Japan: Let's plan a trip Part 2!

So let’s face it, this is the main reason I am planning a trip to Japan, I think it is for any car head even if you a euro fan, Japan has something like a magnet effect I think you just want to go and experience everything it has to offer. So in this part I will or at least hope to enlighten you all with some might I call it car terminology and maybe even be a help in learning some Japanese!

Kyusha, so what does this mean in Japanese, basically it means ‘old car’ modified or not once it is a classic it is a Kyusha. However people who are Kyusha lovers do enjoy some customization to their cars, be it something simple or something more modern! Even such customization that you might not recognise what car it actually is!

Shakotan, simply means lowered car, which the majority of us are fans of, in Japan it often goes with wider arches, smaller wheels I am beginning to see similarities between Japan and Ireland!

Kaido racers, basically means highway car, crazy colourful cars, with long exhaust pipes and boxy body kits that’s the style of Kaido racers. This style was partly inspired by the Supper Silhouette of the 70’s and 80’s Japan but can also be sometimes called Granchan or Grachan.

Supercars & exotic cars if you fancy some car spotting of this nature Tokyo is the city for this as it has a lot of wealth business men and woman living here so this is where you need to be. May the best part or side of Japanese car culture that the people who can afford to have such cars are also not afraid to modify them with many supercar and exotic garages in Japan who have a wide range of modifications for these cars, neon wheels, big wings, aftermarket wheels and the likes!

Low-riders and hot rodding this side of America car culture has always fascinated the Japanese people, despite having easy access to some of the world’s coolest cars manufactured in their own country Japanese people are fans of Chevy pickups and the likes of old mustangs.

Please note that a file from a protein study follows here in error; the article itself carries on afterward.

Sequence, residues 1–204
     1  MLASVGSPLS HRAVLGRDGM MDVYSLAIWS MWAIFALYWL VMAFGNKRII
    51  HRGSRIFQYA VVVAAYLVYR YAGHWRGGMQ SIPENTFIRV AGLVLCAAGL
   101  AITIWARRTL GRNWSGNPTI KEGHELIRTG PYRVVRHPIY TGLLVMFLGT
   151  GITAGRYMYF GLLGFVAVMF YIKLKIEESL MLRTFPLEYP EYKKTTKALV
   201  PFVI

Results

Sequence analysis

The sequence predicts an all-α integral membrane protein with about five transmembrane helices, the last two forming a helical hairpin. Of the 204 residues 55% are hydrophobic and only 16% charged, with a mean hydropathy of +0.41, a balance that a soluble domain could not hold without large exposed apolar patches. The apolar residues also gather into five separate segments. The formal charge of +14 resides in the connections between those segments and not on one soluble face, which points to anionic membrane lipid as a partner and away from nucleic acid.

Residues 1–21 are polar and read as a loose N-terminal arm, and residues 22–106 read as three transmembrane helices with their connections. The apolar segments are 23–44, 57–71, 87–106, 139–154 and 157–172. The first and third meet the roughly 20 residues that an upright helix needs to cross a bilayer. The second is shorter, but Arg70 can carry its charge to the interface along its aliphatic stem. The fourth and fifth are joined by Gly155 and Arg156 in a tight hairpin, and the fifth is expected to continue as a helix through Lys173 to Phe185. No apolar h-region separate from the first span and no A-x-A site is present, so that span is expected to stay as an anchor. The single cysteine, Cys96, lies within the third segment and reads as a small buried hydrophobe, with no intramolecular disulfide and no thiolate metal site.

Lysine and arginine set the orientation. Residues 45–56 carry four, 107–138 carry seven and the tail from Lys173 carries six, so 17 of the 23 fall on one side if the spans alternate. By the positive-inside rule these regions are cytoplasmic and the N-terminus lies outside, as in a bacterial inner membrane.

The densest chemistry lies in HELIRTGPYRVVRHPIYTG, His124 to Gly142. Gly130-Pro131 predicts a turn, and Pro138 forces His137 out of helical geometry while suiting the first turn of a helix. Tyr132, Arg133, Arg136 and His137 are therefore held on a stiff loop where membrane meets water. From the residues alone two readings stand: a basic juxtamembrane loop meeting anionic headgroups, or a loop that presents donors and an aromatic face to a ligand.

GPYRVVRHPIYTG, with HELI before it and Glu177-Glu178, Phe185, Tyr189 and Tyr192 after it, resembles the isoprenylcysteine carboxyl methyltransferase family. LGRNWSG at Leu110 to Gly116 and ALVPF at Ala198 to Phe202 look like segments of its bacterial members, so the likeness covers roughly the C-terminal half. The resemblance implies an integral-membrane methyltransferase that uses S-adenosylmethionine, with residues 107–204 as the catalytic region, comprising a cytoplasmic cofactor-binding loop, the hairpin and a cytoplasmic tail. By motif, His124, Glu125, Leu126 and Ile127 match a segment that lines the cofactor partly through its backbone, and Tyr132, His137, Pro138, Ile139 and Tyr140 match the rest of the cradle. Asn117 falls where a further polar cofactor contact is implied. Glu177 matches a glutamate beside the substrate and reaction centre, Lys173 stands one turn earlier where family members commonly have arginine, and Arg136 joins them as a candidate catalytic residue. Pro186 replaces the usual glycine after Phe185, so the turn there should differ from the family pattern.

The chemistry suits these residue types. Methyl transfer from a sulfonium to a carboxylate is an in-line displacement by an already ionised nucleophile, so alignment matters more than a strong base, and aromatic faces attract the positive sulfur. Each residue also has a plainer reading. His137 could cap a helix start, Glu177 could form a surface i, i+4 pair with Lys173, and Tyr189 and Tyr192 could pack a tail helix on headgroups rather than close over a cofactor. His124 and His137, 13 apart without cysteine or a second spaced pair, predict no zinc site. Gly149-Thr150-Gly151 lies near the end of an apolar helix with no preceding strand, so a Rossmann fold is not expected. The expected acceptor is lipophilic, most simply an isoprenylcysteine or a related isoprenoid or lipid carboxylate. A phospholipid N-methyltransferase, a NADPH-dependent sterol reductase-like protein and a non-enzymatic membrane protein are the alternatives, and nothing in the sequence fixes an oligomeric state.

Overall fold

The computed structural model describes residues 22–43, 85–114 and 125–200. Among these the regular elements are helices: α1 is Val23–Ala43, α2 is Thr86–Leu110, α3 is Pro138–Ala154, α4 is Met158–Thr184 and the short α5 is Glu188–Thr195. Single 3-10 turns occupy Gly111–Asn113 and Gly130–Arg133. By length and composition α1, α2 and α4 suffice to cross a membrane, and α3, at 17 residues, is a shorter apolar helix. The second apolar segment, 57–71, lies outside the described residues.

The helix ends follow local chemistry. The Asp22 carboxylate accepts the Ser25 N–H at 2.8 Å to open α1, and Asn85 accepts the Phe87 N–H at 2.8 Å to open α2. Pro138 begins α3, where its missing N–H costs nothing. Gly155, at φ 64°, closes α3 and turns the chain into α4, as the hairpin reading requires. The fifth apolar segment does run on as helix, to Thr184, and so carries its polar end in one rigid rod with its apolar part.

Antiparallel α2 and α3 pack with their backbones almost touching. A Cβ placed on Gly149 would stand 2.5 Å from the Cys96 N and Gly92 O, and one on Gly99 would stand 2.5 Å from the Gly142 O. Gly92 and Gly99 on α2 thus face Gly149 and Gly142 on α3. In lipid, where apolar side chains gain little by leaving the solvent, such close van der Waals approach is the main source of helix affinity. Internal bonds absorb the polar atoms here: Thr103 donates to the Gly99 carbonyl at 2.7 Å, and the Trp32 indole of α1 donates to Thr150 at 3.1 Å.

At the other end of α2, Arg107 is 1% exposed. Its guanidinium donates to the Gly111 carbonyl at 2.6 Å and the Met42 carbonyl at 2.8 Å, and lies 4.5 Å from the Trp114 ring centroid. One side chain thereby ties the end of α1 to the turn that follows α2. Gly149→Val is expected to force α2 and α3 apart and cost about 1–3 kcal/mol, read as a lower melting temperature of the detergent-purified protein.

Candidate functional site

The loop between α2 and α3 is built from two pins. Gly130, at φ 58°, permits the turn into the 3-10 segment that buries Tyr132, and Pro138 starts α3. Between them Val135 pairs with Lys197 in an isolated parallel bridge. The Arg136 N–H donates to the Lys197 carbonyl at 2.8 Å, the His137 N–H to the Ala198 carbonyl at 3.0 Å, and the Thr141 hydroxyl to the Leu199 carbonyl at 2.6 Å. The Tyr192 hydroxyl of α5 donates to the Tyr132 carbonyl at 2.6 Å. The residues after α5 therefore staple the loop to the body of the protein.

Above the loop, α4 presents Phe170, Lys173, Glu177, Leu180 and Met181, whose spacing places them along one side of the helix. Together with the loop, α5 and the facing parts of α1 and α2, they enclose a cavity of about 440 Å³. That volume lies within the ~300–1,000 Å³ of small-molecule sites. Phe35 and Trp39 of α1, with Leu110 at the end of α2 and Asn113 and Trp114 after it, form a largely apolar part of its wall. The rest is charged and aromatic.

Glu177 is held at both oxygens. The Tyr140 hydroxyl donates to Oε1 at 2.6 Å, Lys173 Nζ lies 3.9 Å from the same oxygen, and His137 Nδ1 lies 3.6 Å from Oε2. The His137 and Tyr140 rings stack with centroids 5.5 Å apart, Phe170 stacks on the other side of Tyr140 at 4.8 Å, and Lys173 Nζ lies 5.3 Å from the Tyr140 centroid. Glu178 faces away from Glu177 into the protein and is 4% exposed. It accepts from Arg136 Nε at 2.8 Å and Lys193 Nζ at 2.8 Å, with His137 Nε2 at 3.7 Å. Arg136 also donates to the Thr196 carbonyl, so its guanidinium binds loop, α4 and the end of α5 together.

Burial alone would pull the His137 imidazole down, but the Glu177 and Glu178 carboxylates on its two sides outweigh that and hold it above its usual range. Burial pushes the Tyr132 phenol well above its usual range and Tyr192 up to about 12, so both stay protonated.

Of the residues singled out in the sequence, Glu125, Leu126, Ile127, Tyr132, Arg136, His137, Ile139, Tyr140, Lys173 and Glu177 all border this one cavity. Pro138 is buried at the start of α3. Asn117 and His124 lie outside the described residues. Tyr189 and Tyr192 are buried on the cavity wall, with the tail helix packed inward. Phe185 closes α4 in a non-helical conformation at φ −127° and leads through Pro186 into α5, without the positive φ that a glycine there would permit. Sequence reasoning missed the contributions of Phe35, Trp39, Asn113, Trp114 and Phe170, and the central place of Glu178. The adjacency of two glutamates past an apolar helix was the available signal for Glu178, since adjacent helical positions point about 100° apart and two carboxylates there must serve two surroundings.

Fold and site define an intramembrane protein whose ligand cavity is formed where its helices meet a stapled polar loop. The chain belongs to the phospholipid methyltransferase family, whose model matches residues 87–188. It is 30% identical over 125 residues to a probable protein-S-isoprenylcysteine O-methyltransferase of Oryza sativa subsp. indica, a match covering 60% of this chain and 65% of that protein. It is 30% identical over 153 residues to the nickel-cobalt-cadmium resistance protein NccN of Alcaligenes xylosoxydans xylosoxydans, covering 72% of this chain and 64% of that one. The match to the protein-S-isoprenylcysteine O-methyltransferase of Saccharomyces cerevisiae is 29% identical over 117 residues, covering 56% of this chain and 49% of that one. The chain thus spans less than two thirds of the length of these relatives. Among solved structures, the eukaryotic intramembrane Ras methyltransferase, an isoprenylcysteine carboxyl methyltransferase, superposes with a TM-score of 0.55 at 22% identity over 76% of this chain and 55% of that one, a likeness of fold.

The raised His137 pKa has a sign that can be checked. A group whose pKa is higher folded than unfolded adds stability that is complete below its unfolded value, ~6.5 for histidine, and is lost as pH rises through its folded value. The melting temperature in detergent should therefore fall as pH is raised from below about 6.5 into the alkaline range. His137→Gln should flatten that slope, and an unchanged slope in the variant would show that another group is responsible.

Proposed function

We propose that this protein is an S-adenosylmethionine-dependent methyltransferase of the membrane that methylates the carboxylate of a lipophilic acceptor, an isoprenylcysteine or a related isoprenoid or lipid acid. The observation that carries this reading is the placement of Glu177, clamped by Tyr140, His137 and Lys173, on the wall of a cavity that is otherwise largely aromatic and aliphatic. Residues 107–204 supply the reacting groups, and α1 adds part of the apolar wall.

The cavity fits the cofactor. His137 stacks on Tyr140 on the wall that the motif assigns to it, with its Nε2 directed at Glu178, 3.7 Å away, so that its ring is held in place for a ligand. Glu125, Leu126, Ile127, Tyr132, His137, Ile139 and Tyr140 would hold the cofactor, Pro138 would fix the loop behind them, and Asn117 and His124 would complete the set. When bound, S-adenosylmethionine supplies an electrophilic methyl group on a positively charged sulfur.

VIP Style known in Japan Bippu style ‘invented’ in Osaka in the 1980’s, how no one knows but people think that the Japanese mafia may have had a hand in it, driving such cars as JDM racers so it made them less noticeable to the police. Although years ago it may have been associated with gangs the term VIP style really in this modern age about….well style. Certain cars in Japan are regarded as VIP style cars, such as Toyota Aristo, Crown and Celsior. Cars in the VIP style have such modifications as heavily tinted windows, excessive camber which is termed as onikyan, in English termed as demon camber! Fancy interiors, dished wheels and lowered to road scrapping standards, I think we’ve all had experience of road scrapping lowered cars!

Kei Cars you will instantly know these cars! How their yellow number plates and the sheer size they are well small very small. They first came about after World War 2, when people needed some sort of transport but didn’t have the money for what they called a full sized family car. They are compact, can fit into small spaces and have an engine of 600cc or less, which makes them fuel efficient to say the least, road tax and tolls are even cheaper with these cars! With every car in Japan these are also modified in different ways, fun to see I bet!